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Essential elements for any missions trip

PuzzleThe other week I mentioned that missions trips, when done well, have a tendency to stretch people and bring them to a personal place of vulnerability. Of course that begs the question, “What does it take to do a missions trip well?”

Since I’ve already established that there’s a difference between a missions trip and a work project, this would apply specifically to a missions trip, although obviously these would be good things to do on a work project, as well

Covering Prayer — Set aside a rotating group of people to stay back at the base all morning while the rest of the team goes out and does ministry. This group is to pray all morning for the people who are serving and cover the ministry in prayer for the opportunities they’re encountering. Likewise, do the same in the afternoon or whenever there is intentional ministry taking place on the trip. Spending hours in prayer is one of the most life-transformational things we’ve experienced on missions trips.

Morning Devotions — Make it a requirement for everyone to spend a good chunk of time personally in God’s Word and in prayer every morning. This time is free from other distractions, including other people, and is just time alone spend with God. When people see the value of this on the mission field, often it follows them home.

Worship — If possible, incorporate a time of regular worship together. Whether it’s by music, prayer, testimonies, or something else, remembering to give honor and glory to God for everything that’s happened and is going to happen is important. It’s so important for everyone to keep their focus on Him throughout the trip.

Debrief — How often and for how long you do this is pretty flexible, but there needs to be a time of reflection and story telling built-in to the experience together. By no means should you spend all afternoon debriefing about what you did in the morning, but a good balance here in necessary for people to learn from each other, look past the surface of their experiences, and integrate it deeper into their lives.

Rest — We all have limits and we definitely need to remember that when we’re being stretched and pushed outside our comfort zones. While it’s possible to push hard through an entire week, periods of rest are helpful not only for the obvious reasons like staying healthy and getting more out of the experience, but it lets you process and think critically about what you’re seeing and hearing, as well.

Prayer Walks/Evangelism — Go out and be a part of the community wherever you are. As you walk around, pray for the people you see. And, as the Holy Spirit prompts, stop and talk with people. Ask how you can pray for them and engage in spiritual conversations.

Pre-Trip Training — Every good missions trip has training that takes place beforehand. In fact, the training that AIM provided for us was 7-weeks long! It was all really solid material, so I assigned each of the 7 chapters to someone else in the group to teach to the rest of us. It really helped a lot of them take ownership and prepared us spiritually, emotionally, and intellectually for what was ahead.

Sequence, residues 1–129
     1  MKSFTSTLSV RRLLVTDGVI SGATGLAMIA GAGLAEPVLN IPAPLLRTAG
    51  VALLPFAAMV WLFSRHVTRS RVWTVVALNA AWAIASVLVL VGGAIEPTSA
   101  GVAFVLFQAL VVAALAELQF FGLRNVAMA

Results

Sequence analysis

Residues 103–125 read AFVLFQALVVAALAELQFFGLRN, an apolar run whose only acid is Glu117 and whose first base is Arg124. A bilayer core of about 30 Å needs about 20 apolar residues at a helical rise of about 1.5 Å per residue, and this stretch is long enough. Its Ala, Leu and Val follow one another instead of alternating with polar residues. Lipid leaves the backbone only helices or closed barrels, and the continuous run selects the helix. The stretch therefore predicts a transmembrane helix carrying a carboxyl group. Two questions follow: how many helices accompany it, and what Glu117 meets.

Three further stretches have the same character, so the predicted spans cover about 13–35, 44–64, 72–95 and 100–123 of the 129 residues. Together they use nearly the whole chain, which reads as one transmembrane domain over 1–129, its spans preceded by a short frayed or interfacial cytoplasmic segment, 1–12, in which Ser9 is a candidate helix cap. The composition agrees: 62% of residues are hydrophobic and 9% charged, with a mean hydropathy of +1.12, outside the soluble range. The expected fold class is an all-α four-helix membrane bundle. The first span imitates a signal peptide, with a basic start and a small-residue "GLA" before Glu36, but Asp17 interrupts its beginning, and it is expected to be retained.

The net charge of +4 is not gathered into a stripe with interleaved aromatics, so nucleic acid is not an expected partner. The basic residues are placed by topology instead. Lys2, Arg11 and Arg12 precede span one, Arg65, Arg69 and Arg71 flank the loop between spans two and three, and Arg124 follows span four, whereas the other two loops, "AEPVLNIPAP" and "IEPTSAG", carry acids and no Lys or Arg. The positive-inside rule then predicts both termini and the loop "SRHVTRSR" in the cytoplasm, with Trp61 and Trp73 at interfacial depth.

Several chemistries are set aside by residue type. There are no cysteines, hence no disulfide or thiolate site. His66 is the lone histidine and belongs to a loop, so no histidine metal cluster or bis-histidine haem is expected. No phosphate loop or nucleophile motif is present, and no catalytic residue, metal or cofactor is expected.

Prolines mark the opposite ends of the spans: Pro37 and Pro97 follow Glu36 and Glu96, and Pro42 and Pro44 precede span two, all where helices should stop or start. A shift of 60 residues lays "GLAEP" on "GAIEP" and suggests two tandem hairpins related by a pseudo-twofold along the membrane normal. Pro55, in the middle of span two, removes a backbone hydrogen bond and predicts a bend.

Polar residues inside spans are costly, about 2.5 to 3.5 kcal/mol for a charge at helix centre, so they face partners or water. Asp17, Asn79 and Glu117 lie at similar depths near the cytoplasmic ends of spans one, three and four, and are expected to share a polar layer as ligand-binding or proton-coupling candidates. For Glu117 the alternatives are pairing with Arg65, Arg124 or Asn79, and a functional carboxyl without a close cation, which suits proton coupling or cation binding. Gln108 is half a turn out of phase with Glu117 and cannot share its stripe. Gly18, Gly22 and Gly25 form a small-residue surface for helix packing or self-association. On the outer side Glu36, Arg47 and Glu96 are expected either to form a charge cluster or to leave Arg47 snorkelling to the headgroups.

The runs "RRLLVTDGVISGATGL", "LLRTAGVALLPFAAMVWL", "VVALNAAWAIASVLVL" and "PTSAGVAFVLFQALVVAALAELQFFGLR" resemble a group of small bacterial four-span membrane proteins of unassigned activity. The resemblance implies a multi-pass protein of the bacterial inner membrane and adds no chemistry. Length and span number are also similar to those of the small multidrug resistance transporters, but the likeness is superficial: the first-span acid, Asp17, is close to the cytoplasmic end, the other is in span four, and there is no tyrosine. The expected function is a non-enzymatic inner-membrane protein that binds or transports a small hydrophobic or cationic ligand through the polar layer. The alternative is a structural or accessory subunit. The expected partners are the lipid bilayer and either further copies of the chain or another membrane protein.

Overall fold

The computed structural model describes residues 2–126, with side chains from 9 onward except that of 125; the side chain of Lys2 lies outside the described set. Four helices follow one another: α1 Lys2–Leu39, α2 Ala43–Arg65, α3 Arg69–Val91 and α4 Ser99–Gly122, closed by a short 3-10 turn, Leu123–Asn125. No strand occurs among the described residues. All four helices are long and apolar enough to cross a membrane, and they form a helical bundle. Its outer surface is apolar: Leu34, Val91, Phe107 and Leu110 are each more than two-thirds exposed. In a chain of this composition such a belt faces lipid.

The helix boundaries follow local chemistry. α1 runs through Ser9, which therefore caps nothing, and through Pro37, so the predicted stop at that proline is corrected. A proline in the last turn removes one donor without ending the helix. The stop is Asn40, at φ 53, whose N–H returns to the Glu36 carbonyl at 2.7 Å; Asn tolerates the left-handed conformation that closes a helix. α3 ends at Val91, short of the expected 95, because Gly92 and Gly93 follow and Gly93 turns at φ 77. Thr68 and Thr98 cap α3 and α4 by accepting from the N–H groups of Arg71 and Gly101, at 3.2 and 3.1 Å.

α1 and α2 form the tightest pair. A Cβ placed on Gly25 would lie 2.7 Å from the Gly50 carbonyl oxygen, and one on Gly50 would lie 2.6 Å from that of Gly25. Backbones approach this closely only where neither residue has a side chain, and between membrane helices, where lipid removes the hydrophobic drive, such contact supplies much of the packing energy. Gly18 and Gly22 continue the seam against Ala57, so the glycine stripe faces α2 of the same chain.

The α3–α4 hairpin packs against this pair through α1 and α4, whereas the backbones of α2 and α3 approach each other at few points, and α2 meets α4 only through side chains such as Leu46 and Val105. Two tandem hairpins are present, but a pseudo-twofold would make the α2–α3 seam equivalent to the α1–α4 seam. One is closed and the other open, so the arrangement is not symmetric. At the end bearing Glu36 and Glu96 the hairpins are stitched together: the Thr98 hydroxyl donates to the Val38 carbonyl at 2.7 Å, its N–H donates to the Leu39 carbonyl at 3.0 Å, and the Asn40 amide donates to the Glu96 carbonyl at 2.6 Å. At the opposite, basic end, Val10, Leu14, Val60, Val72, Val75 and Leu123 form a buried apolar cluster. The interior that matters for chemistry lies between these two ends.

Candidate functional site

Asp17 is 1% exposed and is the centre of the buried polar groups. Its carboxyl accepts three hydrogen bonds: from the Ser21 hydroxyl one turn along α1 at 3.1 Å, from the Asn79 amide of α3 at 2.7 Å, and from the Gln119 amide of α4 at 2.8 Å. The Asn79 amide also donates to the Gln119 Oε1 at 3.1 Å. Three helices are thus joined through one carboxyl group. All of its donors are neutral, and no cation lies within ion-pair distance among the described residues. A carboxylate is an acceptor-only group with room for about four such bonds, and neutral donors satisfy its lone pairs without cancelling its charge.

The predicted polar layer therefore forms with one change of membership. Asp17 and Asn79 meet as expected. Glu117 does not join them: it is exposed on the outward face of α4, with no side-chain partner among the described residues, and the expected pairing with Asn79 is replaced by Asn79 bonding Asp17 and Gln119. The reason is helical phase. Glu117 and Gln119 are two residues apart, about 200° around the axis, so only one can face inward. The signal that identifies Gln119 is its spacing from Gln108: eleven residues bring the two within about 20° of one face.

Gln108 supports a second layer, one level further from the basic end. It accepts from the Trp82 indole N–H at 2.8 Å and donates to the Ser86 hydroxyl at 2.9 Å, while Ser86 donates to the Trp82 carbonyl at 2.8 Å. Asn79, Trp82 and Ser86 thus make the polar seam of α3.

Shared Responsibilites — This is great for helping participants take ownership of the trip and play a significant role in the ministry that takes place. Check out this list of responsibility ideas to assign to teenagers on a missions trip.

Also check out this video on 8 tips to maximize your mission trip’s effectiveness.

As my own personal recommendation, I’ve done several missions trips through Adventures In Missions. They do a great job at it! See more about my experience with their custom trips in this fun video I made, “Choose my adventure, and then your own!

QUESTION — What other elements do you think are essential for any missions trip?


Posted on December 9, 2010

  • I like the idea of assigning pre-trip training to different people, and assigning different responsibilities to teenagers during the trip. There's something about a short-term mission trip with youth that really pushes some students to realize they have amazing God-given gifts that they can contribute to the group's work.

  • jay @ bethegospel

    I've got nothing to add, but i always have my students do morning devotions. I write my own for my students that correspond each day with what we are doing that day. And that way we all are learning and reading the same thing each day.

  • Alon Banks

    Tim,

    I totally agree, I believe a mission trip needs to be transferable to what can and should be practiced at home, so the before, during and after all need to be emphasized no matter what kind of mission and/or service project trip is taking place. Glad to see that AIM has that approach.

    After being involved in short-term missions for years, I have been impressed with what Youthmark is stressing through their Mission51 approach. Making sure the mission trip is emphasizing exactly what the students need to be equipped with to live on mission anywhere.

    I hope that more missions agencies and even groups working with missionaries make the trip count for more than just a week or two of missions.

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